Drought plans weighed

Post Date: Feb 12 2008

The cost of making sure water flows in the Red River Valley during times of severe drought is enough to dry the throat of water users who will foot the bill: $660 million or $1 billion.

The state of North Dakota is on record supporting the option with the lower price tag, which would use remnants of an abandoned irrigation project.

But some influential voices are saying not so fast even as federal officials approach a March 27 decision deadline.

The so-called preferred option, favored by both state officials and a federal environmental assessment, would use a huge pump to draw water from Lake Audubon and send it down the 60-mile McClusky Canal in central North Dakota.

From there, the water would continue its trip to the east through a 125-mile pipeline that would empty into the Sheyenne River, which joins the Red River north of Fargo-Moorhead.

The other option, with a price tag of almost $500 million more, would build a pipeline south of Bismarck running roughly parallel to Interstate 94 to Fargo.

Both options would filter and treat the Missouri River water before it enters the Red River watershed, which drains into Hudson Bay, in an effort to address Canadian concerns about transferring micro-organisms.

Proponents of the long pipeline option, including former Gov. Bill Guy and Sen. Tom Fischer, R-Fargo, argue that it would be the best solution for the long term, and would better address Canadian concerns.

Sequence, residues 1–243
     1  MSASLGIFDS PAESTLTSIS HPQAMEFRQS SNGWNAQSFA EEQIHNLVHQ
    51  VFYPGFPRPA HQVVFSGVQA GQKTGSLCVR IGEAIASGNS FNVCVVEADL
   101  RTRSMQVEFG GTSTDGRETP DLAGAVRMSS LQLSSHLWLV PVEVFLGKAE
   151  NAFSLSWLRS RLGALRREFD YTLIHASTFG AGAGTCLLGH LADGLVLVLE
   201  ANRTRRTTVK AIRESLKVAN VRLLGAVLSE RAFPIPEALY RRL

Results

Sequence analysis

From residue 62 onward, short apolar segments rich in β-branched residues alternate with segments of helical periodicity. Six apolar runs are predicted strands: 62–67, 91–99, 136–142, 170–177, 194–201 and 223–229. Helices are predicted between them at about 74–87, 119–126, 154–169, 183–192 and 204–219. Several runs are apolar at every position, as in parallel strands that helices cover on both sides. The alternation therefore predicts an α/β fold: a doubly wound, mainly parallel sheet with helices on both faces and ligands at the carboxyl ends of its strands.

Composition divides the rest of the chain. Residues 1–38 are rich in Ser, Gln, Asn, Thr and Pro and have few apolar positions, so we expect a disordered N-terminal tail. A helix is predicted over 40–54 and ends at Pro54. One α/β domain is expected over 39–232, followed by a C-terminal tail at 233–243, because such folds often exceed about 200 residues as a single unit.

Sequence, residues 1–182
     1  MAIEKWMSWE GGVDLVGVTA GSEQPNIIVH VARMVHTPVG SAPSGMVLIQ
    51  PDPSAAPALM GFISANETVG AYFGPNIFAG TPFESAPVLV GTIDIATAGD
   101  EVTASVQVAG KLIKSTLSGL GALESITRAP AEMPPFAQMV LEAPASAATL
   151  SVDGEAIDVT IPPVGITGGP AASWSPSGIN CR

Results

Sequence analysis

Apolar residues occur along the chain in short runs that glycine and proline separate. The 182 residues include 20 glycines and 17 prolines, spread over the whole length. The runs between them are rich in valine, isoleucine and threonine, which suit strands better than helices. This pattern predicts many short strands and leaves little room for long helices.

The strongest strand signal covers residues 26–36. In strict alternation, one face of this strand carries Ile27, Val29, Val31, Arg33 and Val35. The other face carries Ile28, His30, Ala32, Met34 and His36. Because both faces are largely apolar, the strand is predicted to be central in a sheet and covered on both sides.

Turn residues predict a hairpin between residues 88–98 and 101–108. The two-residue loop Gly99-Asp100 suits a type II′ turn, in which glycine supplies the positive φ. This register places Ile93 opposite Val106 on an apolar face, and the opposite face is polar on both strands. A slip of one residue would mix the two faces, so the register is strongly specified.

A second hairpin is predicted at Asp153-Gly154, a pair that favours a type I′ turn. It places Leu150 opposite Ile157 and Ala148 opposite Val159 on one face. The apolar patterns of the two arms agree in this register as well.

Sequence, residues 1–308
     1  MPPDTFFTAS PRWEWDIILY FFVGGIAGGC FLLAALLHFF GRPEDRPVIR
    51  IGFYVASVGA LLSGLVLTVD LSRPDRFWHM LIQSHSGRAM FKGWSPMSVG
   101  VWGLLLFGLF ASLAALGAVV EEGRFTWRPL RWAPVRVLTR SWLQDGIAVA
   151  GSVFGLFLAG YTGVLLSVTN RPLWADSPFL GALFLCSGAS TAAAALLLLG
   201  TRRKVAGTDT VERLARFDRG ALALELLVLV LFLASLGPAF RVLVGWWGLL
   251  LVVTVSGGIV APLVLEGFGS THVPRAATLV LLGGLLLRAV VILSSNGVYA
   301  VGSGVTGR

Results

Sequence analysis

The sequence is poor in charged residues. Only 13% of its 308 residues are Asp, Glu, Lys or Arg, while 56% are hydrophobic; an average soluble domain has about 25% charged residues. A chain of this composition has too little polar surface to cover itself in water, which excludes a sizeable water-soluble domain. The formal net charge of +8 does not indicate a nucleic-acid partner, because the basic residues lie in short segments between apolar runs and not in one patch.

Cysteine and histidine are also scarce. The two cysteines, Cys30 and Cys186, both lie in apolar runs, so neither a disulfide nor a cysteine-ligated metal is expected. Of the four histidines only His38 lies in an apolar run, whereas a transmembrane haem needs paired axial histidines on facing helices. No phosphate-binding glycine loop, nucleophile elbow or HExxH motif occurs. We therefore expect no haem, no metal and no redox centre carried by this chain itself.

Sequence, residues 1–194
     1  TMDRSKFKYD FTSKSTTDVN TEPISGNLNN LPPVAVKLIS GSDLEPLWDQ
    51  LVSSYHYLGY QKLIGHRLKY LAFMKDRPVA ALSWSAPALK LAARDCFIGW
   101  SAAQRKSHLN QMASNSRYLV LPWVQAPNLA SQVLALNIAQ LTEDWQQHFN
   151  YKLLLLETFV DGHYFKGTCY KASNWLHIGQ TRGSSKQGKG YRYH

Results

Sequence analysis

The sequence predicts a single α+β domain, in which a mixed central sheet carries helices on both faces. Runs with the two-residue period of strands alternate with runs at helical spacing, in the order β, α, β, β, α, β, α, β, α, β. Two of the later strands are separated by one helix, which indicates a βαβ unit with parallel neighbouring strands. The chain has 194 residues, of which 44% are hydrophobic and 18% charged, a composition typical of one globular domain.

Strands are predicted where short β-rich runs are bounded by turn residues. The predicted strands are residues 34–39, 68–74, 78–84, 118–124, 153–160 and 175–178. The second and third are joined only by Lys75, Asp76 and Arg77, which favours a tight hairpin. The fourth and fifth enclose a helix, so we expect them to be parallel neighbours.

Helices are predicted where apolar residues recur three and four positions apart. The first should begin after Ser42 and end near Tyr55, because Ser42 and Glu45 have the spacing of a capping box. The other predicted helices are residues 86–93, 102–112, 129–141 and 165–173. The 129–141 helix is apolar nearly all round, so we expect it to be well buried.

A pipeline also would lose less water to evaporation or seepage, making it an easier sell to downstream states such as Missouri, Fischer said. He isn't convinced the ongoing maintenance costs of the canal, subject to slumping and requiring fencing and roads for maintenance, have been fully tallied.

There are questions upon questions, said Fischer, an influential lawmaker on water issues. This is not an attempt to stop anything. All I'm asking for is more information.

Dave Koland, manager of the Garrison Diversion Conservancy District, which administers a water authority of Red River Valley counties, said many would be happy to embrace the pipeline alternative if someone finds the money.

Fischer notes that the energy boom is filling state coffers, and wonders whether water development promoters gave up too easily in pushing for what he considers the best long-term option.

We can make the Red River Valley's economic future certain with water, he said. That, in turn, benefits the entire state.

Count Fargo Mayor Dennis Walaker among the skeptics that the state could find more money for the project. Fargo is a central member of the Lake Agassiz Water Authority, the local body working to bring water to the Red River Valley.

We have to come up with the money, said Walaker, who said he likes the pipeline alternative if funding can be found. Half a billion dollars, we're talking real money.

Walaker said he met last week with the North Dakota congressional delegation, and came away with the understanding that the level of federal financial support would not increase to accommodate the pipeline alternative.

They do not feel that's possible, he said.